This situation characterises the major media, i.e. television, but is also the case for the national-based radio or print media. The only place minority faiths can air their views is on local TV (...)

This situation characterises the major media, i.e. television, but is also the case for the national-based radio or print media.
The only place minority faiths can air their views is on local TV or radio programmes (see below). However, so far, only the Christian faiths have access to these programmes. The Muslim faith is thus totally absent in the media.
An assumption can be made in this instance. There is widespread use of satellite TV by Muslim families, thus providing them access to television stations in their home countries or the Muslim world. As a result, the need to set up Muslim stations in Spain is perhaps, yet to be felt.

D 14 September 2012    AFernando Bravo López

An evolution – the Internet option

It is important to point out the emergence of several Islamic websites in Castilian, targeted at the Muslims in Spain. These websites are currently the only Islamic media in Castilian. The (...)

It is important to point out the emergence of several Islamic websites in Castilian, targeted at the Muslims in Spain. These websites are currently the only Islamic media in Castilian. The internet is also greatly used by other religions – Catholicism (with secular movements and associations of the faithful playing a major role), as well as the Reformed faiths.
The Jewish faith is without doubt the most poorly represented on the Web. This is compensated by the strong online presence of Jewish communities from South America, primarily Argentina.
The Catholic Church is therefore practically the only faith represented in the traditional media, public media included. Other religions find opportunities at the local level, or on the Internet.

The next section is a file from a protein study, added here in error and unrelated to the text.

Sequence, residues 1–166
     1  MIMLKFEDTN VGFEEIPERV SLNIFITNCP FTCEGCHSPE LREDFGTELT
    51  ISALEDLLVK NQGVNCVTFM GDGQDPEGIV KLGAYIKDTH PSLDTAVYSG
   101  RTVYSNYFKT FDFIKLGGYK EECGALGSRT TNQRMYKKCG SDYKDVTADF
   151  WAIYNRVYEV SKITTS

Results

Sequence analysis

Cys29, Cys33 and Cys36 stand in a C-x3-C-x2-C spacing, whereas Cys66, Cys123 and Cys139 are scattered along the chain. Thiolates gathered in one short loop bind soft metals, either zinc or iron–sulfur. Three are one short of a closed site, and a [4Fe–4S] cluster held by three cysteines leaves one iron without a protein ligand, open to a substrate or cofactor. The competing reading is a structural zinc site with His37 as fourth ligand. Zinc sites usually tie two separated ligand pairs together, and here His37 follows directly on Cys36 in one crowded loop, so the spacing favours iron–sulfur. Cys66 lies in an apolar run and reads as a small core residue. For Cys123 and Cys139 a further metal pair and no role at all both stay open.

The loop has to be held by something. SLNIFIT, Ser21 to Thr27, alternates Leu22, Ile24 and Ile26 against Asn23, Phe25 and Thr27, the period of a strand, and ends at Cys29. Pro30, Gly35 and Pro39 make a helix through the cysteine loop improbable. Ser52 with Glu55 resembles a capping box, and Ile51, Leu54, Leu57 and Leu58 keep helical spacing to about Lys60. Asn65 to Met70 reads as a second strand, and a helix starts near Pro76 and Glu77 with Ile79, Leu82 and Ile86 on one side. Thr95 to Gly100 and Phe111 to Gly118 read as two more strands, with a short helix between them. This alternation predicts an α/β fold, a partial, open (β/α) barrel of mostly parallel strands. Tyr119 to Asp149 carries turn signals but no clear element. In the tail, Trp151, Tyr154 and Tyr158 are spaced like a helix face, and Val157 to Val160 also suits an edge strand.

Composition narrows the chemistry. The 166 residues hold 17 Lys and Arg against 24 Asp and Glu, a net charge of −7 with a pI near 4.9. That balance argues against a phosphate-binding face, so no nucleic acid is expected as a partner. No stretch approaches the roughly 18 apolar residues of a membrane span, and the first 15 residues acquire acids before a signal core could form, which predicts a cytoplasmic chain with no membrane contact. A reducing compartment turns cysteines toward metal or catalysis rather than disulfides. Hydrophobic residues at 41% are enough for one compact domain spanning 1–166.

D 14 September 2012    AFernando Bravo López

Local programmes and religion

The last few years have witnessed a real revolution, and a development hitherto unknown in the world of local TV. We should emphasise in particular, the emergence of faith channels - Roman (...)

The last few years have witnessed a real revolution, and a development hitherto unknown in the world of local TV. We should emphasise in particular, the emergence of faith channels - Roman Catholic, but also Evangelical - whose programmes are predominantly of the religious variety. These channels are used as instruments for spreading religious messages and moral teachings. "Discussions" held on topical issues only express the views of the religion in question.
Some of these TV channels are of fundamentalist nature, similar to the style of American televangelists. The channels regularly feature believers who, under the guidance of the preachers, assert their faith by declaring their millenarian vision of the world.
Similarly, over the last decade, a large number of radio stations have emerged. A large number are underground stations, and most enjoy the support of an ever-growing Latin American immigrant community, among whom the Evangelical faiths enjoy a huge following. Many of the preachers on these channels are of South American origin.
There are also local, but less influential Catholic stations. On the other hand, no evidence has been established of the existence of any Islamic-leaning station.

D 14 September 2012    AFernando Bravo López